Stephen Jackson, 42, of Oldbury, West Midlands, a prison officer who worked as a dog handler, who was separated with a son and a daughter, was found dead on his bed. He had left six notes.
One, addressed to the CSA, said: 'Thank you for nothing.' It is not known if the CSA had increased his payments substantially. The agency cannot discuss the individual circumstances of cases.
His death is the sixth linked to demands from the agency since it was set up in April 1993 to try to ensure more fathers paid maintence, with the object of saving the state money by reducing the amount of benefit paid to single mothers.
In one suicide, the coroner was told that the CSA had trebled maintenance payments.
Figures given to the Commons Select Committee on Social Security this week by Ros Hepplewhite, chief executive of the CSA, suggested the benefit savings were likely to be minimal. In the first 11 months of this financial year, it had saved pounds 285m, while in the year 1992-93 the old system under the DSS had saved pounds 313m. The CSA, which cost pounds 146m to set up, says the figures are not directly compable.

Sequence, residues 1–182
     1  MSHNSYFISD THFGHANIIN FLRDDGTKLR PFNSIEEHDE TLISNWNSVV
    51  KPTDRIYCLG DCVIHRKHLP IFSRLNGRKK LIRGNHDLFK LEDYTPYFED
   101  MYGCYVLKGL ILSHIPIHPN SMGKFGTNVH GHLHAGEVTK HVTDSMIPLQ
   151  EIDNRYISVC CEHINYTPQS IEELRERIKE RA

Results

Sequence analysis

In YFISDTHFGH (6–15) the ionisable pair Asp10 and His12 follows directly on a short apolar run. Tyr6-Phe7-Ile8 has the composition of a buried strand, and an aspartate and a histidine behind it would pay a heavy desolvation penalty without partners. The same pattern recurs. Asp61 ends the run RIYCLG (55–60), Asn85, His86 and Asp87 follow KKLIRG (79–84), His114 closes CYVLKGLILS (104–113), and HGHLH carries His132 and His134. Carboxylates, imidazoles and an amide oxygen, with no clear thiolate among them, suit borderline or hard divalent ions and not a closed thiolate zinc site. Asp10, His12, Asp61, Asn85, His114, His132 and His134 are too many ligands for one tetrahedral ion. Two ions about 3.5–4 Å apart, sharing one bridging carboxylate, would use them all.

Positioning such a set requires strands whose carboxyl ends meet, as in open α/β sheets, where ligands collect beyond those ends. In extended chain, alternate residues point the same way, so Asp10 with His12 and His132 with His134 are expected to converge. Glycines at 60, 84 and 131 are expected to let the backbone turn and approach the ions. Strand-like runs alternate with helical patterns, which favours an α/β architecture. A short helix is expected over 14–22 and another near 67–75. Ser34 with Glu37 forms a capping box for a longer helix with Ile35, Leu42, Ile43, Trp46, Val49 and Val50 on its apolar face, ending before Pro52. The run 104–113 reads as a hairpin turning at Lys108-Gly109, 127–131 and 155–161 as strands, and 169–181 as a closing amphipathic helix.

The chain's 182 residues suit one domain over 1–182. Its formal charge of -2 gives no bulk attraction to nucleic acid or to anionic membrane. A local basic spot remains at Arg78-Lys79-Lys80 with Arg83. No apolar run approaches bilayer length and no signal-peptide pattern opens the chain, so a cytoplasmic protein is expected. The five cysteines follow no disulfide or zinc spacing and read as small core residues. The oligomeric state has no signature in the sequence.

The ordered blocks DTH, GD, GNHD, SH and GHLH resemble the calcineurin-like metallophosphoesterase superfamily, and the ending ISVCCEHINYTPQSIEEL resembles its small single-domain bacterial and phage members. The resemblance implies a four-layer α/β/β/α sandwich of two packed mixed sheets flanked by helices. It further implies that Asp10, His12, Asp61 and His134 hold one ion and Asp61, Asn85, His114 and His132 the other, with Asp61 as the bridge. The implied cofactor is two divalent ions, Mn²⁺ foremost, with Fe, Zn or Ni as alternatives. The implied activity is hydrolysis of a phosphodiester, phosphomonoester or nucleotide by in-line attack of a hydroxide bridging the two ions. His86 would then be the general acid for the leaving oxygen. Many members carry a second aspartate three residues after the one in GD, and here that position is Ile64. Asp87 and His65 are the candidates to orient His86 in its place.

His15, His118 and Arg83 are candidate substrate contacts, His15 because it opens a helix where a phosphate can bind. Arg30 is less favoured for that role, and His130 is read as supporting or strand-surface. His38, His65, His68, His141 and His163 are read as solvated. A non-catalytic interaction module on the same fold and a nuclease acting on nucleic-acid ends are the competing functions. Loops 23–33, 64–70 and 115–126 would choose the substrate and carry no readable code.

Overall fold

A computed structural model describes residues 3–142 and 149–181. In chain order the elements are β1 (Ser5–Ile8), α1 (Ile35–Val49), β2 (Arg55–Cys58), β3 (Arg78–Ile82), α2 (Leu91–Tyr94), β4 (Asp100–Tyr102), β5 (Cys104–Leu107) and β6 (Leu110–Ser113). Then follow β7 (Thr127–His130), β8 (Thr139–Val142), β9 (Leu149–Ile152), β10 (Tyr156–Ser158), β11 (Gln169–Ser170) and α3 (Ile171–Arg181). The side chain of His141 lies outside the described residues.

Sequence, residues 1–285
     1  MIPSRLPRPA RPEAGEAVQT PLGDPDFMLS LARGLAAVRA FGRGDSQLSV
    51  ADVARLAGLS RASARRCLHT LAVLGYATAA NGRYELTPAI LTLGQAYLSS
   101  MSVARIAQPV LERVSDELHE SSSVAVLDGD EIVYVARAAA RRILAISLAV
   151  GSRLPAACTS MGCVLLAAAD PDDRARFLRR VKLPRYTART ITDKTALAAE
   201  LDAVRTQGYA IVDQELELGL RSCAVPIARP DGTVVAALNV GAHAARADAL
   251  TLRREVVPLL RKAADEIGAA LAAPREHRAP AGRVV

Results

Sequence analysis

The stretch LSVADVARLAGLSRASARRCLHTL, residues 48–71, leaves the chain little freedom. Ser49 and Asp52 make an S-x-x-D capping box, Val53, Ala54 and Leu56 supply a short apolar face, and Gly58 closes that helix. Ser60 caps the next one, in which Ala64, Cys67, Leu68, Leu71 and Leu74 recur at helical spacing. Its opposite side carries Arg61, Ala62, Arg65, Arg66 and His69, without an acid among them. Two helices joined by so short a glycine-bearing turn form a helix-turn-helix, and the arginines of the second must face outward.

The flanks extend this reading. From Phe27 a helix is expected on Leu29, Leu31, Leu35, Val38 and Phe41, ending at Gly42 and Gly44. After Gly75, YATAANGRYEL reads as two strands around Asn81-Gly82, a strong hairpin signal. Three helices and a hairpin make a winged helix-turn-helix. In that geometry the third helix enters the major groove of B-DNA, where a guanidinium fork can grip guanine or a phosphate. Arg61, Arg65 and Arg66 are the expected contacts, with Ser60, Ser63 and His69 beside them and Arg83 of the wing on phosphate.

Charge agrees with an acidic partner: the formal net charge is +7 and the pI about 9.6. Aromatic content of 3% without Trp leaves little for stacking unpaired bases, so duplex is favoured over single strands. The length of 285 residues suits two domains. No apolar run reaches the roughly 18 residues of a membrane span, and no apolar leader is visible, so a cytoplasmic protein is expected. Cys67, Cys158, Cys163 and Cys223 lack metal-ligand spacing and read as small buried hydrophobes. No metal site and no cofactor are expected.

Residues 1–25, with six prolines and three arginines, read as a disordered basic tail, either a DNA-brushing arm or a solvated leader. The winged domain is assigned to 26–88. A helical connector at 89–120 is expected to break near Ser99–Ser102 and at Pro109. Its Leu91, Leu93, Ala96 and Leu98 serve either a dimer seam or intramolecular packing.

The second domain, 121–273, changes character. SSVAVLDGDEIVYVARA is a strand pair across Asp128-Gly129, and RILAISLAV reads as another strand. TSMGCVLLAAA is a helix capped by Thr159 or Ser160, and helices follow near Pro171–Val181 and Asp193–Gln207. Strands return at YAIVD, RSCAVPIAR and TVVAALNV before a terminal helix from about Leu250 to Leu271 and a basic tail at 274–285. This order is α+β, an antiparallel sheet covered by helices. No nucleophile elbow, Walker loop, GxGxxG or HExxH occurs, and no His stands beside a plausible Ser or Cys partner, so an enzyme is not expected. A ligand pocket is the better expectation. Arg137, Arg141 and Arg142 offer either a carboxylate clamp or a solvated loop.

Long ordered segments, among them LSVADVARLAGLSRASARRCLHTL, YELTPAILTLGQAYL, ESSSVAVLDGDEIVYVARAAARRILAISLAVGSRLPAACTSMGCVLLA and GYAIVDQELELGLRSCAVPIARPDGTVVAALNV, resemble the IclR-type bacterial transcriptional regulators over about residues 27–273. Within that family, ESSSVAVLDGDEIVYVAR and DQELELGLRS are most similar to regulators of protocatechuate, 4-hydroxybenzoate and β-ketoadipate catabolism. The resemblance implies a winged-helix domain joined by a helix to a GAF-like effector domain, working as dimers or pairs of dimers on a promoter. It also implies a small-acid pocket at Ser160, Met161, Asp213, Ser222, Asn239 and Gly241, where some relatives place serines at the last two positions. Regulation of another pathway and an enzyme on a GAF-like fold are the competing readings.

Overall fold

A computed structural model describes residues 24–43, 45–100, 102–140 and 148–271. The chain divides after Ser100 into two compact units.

The other five letters were for John Major, for Mr Jackson's children, his parents, his wife and friends, and an open message pleading for somebody to look after his dog.
Friends had raised the alarm after they realised they had not seen Mr Jackson for some days.
Det Insp Barrie Davies, of Smethwick police, said there were no suspicious circumstances.